Syriza supporters at a rally outside Athens University Headquarters in Athens. Photo: Milos Bicanski/Getty Images Syriza supporters at a rally outside Athens University Headquarters in Athens. Photo: Milos Bicanski/Getty Images

Greek writer Sofia Tipaldou gives her reaction to Syriza’s vote and those of the other political parties in last Sunday’s elections

Ever since I was born, I remember Greece governed by the Panhellenic Socialist Movement (Pasok) or New Democracy (ND), until 2012 when for the first time they governed together, for the country’s sake. Now, a left party got elected for the first time since the fall of the military junta and there is no Papandreou heir in the parliament. Has Greece changed?

The political spectrum has been re-aligned with the entry of the new self-proclaimed center-left, catch-all party, The River (To Potami); the historical low percentage of Pasok following its internal division and the creation of Papandreou’s Movement of Democratic Socialists (KIDISO); and the disappearance of Democratic Left (DHMAR). A general euphoria dominates the (left) press and the social media and optimism for Greece’s future with Syriza is widespread within and without Greece. It seems that ND’s fear-based pre-electoral campaign did not succeed this time, despite the messianic message that were depicting the end of times should Syriza win the election.

One word of caution. Syriza is not the same now as it was in 2012. It has undergone an internal transformation. The 2012 Syriza that had just risen from 5 per cent to 27 per cent of the vote, becoming the main opposition party changed in the following two years. The party moderated its anti-systemic rhetoric and formulated concrete and viable policies, including economic policy. During this time, Syriza also welcomed new members; some of which distinguished scientists that benefited the party; others stemming from the old Pasok and from Independent Greeks (ANEL), a move for which the party, and especially its leader, received considerable criticism from within and without Syriza.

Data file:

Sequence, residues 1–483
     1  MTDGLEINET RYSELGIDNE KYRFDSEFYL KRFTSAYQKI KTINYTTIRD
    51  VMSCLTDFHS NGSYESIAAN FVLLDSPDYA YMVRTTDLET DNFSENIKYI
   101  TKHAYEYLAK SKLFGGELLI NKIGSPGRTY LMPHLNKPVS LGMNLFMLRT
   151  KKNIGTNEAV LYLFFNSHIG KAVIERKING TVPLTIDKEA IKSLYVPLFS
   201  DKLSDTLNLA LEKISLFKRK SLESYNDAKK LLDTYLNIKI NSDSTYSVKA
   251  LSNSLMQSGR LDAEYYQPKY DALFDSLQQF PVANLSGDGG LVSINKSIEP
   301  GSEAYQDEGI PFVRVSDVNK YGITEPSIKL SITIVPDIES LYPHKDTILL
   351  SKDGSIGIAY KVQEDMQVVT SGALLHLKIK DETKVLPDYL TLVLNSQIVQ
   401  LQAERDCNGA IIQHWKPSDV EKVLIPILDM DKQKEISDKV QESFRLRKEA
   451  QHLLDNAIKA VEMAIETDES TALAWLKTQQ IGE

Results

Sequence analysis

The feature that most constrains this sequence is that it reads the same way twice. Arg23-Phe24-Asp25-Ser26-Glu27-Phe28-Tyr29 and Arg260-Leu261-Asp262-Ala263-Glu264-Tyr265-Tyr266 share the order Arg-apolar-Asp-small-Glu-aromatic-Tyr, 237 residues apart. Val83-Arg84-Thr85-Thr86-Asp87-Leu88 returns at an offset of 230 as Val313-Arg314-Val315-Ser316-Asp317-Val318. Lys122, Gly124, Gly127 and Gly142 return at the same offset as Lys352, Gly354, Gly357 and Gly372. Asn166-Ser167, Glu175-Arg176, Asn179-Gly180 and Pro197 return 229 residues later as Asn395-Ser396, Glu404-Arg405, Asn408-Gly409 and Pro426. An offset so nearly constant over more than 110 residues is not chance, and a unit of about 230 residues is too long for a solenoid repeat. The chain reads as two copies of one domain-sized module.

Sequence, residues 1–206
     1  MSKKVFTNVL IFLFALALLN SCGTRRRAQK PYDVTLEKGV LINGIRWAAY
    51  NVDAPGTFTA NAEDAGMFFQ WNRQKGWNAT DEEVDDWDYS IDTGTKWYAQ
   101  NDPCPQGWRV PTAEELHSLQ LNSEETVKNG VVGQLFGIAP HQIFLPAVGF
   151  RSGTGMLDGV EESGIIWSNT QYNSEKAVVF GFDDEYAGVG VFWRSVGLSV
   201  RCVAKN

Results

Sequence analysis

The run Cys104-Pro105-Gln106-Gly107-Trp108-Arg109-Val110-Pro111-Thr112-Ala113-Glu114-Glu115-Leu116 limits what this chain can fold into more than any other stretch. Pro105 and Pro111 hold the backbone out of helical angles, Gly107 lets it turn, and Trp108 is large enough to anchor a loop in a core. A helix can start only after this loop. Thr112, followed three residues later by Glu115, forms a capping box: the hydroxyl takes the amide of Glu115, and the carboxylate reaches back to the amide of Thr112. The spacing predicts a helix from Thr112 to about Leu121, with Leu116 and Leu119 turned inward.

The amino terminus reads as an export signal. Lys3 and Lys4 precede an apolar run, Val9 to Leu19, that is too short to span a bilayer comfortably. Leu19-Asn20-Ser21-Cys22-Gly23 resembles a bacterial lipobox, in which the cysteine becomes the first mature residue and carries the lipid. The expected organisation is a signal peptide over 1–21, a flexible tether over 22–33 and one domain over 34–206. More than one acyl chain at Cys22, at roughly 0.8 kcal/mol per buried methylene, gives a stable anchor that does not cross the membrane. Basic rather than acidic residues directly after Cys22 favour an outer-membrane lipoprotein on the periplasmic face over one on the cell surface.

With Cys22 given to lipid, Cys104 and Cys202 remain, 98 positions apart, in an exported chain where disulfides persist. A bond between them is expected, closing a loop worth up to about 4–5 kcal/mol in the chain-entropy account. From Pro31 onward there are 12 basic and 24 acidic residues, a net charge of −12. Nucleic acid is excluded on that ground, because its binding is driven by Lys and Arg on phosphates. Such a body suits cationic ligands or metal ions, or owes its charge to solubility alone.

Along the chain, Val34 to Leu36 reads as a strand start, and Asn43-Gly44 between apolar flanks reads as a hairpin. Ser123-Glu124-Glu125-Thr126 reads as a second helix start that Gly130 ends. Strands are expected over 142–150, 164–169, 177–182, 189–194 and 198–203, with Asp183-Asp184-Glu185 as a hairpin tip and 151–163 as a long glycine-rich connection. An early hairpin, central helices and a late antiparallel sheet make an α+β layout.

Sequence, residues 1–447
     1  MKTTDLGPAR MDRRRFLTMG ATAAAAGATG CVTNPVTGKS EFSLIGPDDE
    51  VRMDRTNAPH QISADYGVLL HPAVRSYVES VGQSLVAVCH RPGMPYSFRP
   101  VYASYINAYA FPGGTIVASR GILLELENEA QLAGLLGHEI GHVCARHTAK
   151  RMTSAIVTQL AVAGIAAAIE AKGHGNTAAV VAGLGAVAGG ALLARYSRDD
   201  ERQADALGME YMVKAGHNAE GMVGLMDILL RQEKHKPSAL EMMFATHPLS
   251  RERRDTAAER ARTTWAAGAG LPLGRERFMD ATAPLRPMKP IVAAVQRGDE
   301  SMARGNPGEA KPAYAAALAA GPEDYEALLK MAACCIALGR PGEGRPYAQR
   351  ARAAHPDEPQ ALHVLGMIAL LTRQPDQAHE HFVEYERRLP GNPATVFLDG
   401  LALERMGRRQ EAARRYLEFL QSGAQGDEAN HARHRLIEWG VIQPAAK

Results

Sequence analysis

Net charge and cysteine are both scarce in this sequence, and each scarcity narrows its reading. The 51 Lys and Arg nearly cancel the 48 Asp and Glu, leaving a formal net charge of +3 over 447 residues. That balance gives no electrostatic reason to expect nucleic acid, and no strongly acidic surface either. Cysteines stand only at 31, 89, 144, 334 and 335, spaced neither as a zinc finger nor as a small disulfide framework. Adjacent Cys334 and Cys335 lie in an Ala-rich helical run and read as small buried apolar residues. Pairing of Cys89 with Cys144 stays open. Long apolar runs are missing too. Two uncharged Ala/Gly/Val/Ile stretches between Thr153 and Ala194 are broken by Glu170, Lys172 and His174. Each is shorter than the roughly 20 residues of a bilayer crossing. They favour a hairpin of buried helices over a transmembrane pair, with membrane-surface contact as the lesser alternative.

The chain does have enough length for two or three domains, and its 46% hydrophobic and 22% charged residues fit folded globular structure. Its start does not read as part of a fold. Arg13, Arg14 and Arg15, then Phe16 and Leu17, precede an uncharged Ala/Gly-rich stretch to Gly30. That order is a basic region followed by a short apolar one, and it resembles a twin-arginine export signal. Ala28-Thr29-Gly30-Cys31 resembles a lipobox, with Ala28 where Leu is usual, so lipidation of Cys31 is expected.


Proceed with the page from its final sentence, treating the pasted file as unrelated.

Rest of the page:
Syriza is the big winner, with about 10 per cent increase in votes, but how much has Greek society really changed?

ND has lost the election, its internal dynamic has been broken, and its future perspectives seem to be deteriorating; but still almost one out of three Greeks voted it. And this, after two years of undemocratic policy reforms, brutal police repression of all kinds of public dissent, closing of state-owned national broadcaster ERT and plunging in the press freedom index (more than 50 places since 2009), rise of suicides, drug consumption, and immigration, deterioration of public health and education, dismantlement of middle class, to mention only a few examples.

The other newcomer of the 2012 elections,ANEL, a party of right-wing, ultranationalist, neo-liberal, and eurosceptic orientation, despite losing nearly half of its 2012 support, has made it to the Parliament, and—on top of this—it will be Syriza’s partner in the government. This goes far beyond the wildest guesses of many analysts and has even been excluded by Syriza members pre-electorally, but it is a good example of Realpolitik and obviously Syriza’s only chance, if it did not want to rerun the elections.

The traditional stubborn denial of Greek politicians to collaborate with others, especially in key-moments of history, brought about the awkward situation of having not only the first left government in Greece, but also the first left government that has to pact with a far right wing party. Syriza could only choose as a coalition partners the political parties that do not represent the old elite (ND and Pasok) or are not totalitarian (Golden Dawn). So, its options were three: ANEL, The River, and the Communist Party of Greece (KKE). But, The River and ANEL deny to collaborate with each other, so a government with the support of both forces that could be considered more representative, is out of question. And the KKE which stands close to Syriza’s objectives, especially to the far-left fraction within Syriza, categorically denies to ally with anyone since always.